ISU Horticulture Research Station celebrates anniversary

ISU’s Horticulture Research Station provides opportunities for hands-on research for students and faculty. (Iowa State University)
Jenna Ladd| September 22, 2017

Iowa State University’s Horticulture Research Station celebrated its 50th anniversary this week.

The anniversary was marked with a farmer’s market, farm tours, children’s games and a produce washing demonstration on Saturday.

The 235 acre station is home to 80 to 90 research projects each year. Scientists from horticulture, forestry, botany, ecology, plant pathology, entomology and natural resources use the space to study everything from vegetables to honeybees to wasps to swallows. The land bears apples, pumpkins, watermelon, hops, grapes and more.

Ben Pease is a Horticulture Research Associate at Iowa State. He said, “We are able to sell most of what we grow. If it’s part of a research project once it’s done we can sell it or we’re growing stuff to use the land we’re able to sell it,” to Iowa State Daily. Pease added that the station has made over a million dollars selling produce since 2006. Much of the food is sold to ISU’s dining halls, which buys about 5 tons of green peppers each year.

The land, which features a 15 acre lake as well, is located just three miles north of Ames on highway 69.

Iowa State University scientists research advantages of horticultural bioplastics

The flower on the left is planted in a bioplastic container while the flower on the right is planted in a conventional petroleum-based pot. ISU researchers have studied the environmental advantages bioplastic containers may present. (ISU, James Schrader)
Jake Slobe | November 23, 2016

Research conducted by Iowa State University horticulturists show that new bioplastic materials could allow gardeners to tend their plants more sustainably and could potentially help plants self-fertilize and grow healthier roots.

“Bioplastics present a range of environmental advantages, such as improved biodegradability, that conventional petroleum-based plastics can’t claim”, said William Graves. Grave, associate dean of the ISU Graduate College and professor of horticulture, and a team of researchers recently concluded their five-year study on bioplastics in an attempt to find materials that show promise for horticultural uses, such as the plastic pots and flats that retailers use to sell immature plants.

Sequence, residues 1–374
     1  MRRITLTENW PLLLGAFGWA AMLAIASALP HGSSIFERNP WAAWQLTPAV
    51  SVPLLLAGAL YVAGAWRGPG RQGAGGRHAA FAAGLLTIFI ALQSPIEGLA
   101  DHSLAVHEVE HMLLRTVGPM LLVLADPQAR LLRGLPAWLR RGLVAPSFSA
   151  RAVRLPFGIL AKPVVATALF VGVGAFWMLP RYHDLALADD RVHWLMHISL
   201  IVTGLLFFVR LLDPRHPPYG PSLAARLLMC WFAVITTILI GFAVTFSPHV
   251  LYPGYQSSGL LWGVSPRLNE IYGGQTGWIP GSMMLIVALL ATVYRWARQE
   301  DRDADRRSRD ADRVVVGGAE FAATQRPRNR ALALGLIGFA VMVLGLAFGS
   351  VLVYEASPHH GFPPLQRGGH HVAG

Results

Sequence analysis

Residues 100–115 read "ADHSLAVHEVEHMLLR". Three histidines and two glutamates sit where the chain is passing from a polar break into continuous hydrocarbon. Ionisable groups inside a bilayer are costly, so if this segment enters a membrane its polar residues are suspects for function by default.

Bioplastics come from renewable biological sources like plants and large-scale adoption in the marketplace could ease dependence on fossil fuels.

The study looked at many options for bioplastic made from sources such as polylactic acid and the more biodegradable polyhydroxyalkanoates. They also included byproducts that result from the production of corn, soybeans, and ethanol.

They found bioplastic containers have the potential to offer another major advantage that petroleum products can’t:  the ability to self-fertilize plants.

Plastics made from bio-based materials can release nutrients as the plastic degrades. That could lessen the workload for gardeners, and encourage root growth that will improve the plant’s performance once transplanted into soil or into another container, he said.

The study was funded by a $1.94 million grant from the U.S. Department of Agriculture’s National Institute of Food and Agriculture and provided results from conducting market research on consumer preferences regarding bioplastics. The researchers found that consumers prefer bioplastic products that resembled petroleum plastics as closely as possible in appearance, color and texture.

ISU receives USDA grant to create biodegradable plant containers

Photo by kylewm, Flickr

A new U.S. Department of Agriculture grant will allow Iowa State University to develop biorenewable and biodegradable plant containers. The $1.9 million project is led by Iowa State horticulture professor Bill Graves.

The High Plains/Midwest AG Journal reports that non-biodegradable plant containers are currently used for many crops, and replacing them will result in major annual savings:

“Nearly all specialty crops, including bedding plants, tomatoes and other vegetables, and containerized shrubs and trees that are purchased for residential gardening and landscaping, are grown and marketed in petroleum-based, conventional plastic containers. Few of those are recycled or reused,” said Graves. “Our vision is to provide sustainable alternatives that can meet the needs horticultural producers, and that will degrade harmlessly when installed with the plant in a garden.”

An estimated $706 million could be saved annually by the specialty crop industry by converting from petroleum-based containers to bioplastic containers, Graves said. Other benefits include shifting resource revenue from foreign oil to domestic biorenewables and eliminating adverse environmental effects of petroleum-based plastics.